In Memoriam: Marcello Gandini, an Automotive Design Master

Corey Lewis
by Corey Lewis

The world lost one of its preeminent car designers today, as Marcello Gandini has passed away at the age of 85. Though perhaps best known for the flashy and outrageous Lamborghini Countach, Gandini’s pen was applied to many other Italian, German, French, British, Japanese, and Swedish concepts and production designs. Gandini’s prolific portfolio of work made a permanent mark on automotive design.

Born on August 26th, 1938 in Turin, Italy, Marcello Gandini was the son of a conductor. Interested in automotive design from a young age, he first attempted to break into the business in 1963 at the age of 25. Speaking with Giuseppe Bertone (1917-1997), his employment was ultimately denied by Giorgietto Giugiaro (b. 1938), a man of the same age who was the head of design at Bertone. 

Bertone kept Gandini in mind, and in two years when Giugiaro left the firm Gandini was immediately hired. He would work for Bertone for a total of 14 years, and created a dedicated studio, Stile Bertone. The studio worked exclusively on concept cars and prototypes, and before long auto manufacturers hired Bertone so Gandini could pen their design.

It was at Bertone that Gandini would draw up the majority of Lamborghini’s early vehicles, catapulting the new brand beyond the super car and into exotica territory with his daring, forward-looking designs. The first Gandini-designed Lamborghini was the Miura (1966-1973). It was one of the first examples of a car with a mid-engined layout and only two seats, and used a transverse V12.

In 1967 Gandini designed the four-seat Marzal concept, with its see-through glass door panels, and a silver metallic interior. The design was distilled into the production Espada, the company’s first four-seat grand touring sports car. Espada was a size up from Lamborghini’s previous 2+2 designs at the behest of Ferruccio Lamborghini. 

The following year Gandini invented the scissor door, used on the Alfa Romeo 33 Carabo concept. The design was put into production a few years later in the Lamborghini Countach, and continued on its successor the Diablo. Numerous other cars have used the Gandini scissor door design over the years. Alfa Romeo selected Gandini’s design for one production vehicle, the Montreal of 1970.

His work on the 2+2 Lamborghini Urraco show car in 1970 inspired Ferrari, who ventured away from their Pininfarina ways and employed Bertone to design the Dino 308 GT4. The Dino was a 2+2, the first V8 Ferrari, and the only Bertone design Ferrari ever used. On the Lamborghini front, Gandini also designed the Bravo concept, Jarama, P140 concept, P147 Acosta concept, and the Diablo prototype. The Diablo design was ultimately finalized by Tom Gale at Chrysler, who also designed the LX platform Chrysler 300.

Gandini designed multiple vehicles for Fiat in the 1970s, including the midsize Dino coupe, one of the company’s final large family cars the 132, and the X1/9 that was marketed in the United States as the Bertone X1/9 by Malcom Bricklin. Though low in production figures, Gandini designed what became one of the most famous rally cars in the world, the Lancia Stratos. The Stratos won the World Rally Championship in 1974, 1975, and 1976. Stratos was the result of Lancia taking a chance on Bertone, as (like Ferrari) the company had previously used Pininfarina to design its vehicles.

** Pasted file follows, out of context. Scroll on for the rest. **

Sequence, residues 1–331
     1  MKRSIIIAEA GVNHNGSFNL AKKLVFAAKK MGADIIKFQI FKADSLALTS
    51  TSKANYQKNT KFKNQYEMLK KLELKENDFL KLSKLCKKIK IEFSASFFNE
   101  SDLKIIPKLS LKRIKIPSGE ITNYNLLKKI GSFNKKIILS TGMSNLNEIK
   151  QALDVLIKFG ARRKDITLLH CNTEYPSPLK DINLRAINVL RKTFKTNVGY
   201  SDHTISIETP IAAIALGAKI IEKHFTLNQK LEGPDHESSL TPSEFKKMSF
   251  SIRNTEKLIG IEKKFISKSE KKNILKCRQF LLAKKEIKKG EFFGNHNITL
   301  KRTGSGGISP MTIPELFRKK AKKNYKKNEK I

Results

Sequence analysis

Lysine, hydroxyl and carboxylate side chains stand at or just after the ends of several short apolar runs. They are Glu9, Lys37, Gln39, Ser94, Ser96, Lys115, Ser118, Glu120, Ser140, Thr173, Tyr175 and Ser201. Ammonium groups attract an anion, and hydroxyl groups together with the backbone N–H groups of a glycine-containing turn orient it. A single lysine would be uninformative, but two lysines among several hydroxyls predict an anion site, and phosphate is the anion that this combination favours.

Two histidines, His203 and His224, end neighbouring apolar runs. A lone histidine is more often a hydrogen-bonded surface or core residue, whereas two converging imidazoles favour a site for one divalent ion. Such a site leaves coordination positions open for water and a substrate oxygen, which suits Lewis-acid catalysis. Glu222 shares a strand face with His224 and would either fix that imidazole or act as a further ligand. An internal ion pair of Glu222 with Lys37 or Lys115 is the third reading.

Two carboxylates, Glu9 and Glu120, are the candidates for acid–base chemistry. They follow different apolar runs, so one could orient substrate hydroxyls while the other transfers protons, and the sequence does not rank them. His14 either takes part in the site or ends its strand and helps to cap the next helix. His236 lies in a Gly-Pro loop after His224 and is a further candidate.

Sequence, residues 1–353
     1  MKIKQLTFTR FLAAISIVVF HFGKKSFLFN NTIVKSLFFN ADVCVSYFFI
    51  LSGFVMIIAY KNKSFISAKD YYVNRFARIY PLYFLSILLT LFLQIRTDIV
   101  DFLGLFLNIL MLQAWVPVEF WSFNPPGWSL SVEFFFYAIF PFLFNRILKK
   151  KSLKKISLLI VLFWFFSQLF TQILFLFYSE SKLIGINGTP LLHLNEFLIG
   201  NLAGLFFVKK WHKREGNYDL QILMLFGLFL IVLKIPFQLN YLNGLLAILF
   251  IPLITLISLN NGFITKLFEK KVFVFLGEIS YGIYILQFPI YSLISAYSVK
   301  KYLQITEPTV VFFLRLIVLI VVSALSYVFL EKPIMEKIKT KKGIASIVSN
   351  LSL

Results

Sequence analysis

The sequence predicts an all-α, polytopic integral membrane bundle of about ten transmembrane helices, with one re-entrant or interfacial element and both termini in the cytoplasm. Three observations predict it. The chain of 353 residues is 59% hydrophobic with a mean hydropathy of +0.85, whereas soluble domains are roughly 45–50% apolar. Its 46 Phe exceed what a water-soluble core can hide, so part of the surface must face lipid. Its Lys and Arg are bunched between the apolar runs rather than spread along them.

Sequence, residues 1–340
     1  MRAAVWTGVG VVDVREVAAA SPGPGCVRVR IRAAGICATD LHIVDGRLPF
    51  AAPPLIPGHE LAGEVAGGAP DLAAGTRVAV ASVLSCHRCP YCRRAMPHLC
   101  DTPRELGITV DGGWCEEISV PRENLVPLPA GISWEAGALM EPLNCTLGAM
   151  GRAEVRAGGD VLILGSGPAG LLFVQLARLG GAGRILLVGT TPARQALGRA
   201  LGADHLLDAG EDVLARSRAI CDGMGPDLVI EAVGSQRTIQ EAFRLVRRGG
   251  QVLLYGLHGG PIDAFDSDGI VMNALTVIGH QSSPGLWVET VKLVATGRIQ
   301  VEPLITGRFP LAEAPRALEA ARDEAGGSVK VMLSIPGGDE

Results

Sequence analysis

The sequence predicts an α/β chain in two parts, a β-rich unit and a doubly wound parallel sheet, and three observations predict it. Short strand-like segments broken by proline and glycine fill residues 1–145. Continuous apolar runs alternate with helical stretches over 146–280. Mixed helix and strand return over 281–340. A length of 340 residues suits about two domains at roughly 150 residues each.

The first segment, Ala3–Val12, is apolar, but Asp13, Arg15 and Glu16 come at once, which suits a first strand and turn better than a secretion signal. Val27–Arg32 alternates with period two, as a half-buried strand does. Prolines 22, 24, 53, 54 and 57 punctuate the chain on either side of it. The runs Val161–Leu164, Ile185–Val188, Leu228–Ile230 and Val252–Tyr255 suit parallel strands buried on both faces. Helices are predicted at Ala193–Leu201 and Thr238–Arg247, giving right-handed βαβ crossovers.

In between high-end exotic designs, Gandini also designed mass-production vehicles. He penned the very first BMW 5-Series of 1972. The Innocenti Mini, an Italian take on the Austin Mini debuted in 1974. A year later the first generation Volkswagen Polo launched with a Gandini design. Polo was accompanied by the more upmarket Audi 50, which was also designed at Bertone. Gandini shaped the five-door Citroen BX production car, and created a very similar concept called the Tundra for Volvo.

Gandini designed three different cars for Italian sports car maker Iso, of which the Lele was produced from 1969 to 1974. Around that time he was also responsible for the design of the Maserati Khamsin. Maserati worked with Gandini independently after Bertone, on cars like the Ghibli (1992-1998). He also designed the front-drive Citroen SM based Maserati Quattroporte of 1976, the rear-drive BiTurbo based Quattroporte of 1994, and the 1990 Shamal coupe.

Along the way, Gandini developed a signature characteristic: A forward and upward shaped rear wheel arch. It persisted through decades of his work, and made spotting a Gandini design easy. More exotic car work in the Seventies was completed for De Tomaso, where he designed the Pantera, and in the 2000s the Bigua which was sold as the Qvale Mangusta in the United States. Nearly on par with the Countach for outlandish design was the Cizeta-Moroder V16T. The 6.0-liter 16-cylinder hyper car saw only 13 examples produced, and looked fairly similar to the Diablo.

Gandini went on to design the crazy rear-engined Renault 5 Turbo of 1980, and the important second generation Renault 5 in 1984. Renault also hired him later to design the Magnum, a European market heavy-duty truck that was produced from 1990 to 2013. Gandini left Bertone officially in 1980 to work independently on automotive, interior, and industrial design projects. Work in the Eighties and Nineties continued with production vehicles from De Tomaso and Maserati, along with concepts like the Nissan AP-X, and the prototype of the Bugatti EB110. He also dabbled in residential architecture, interiors, and helicopter styling.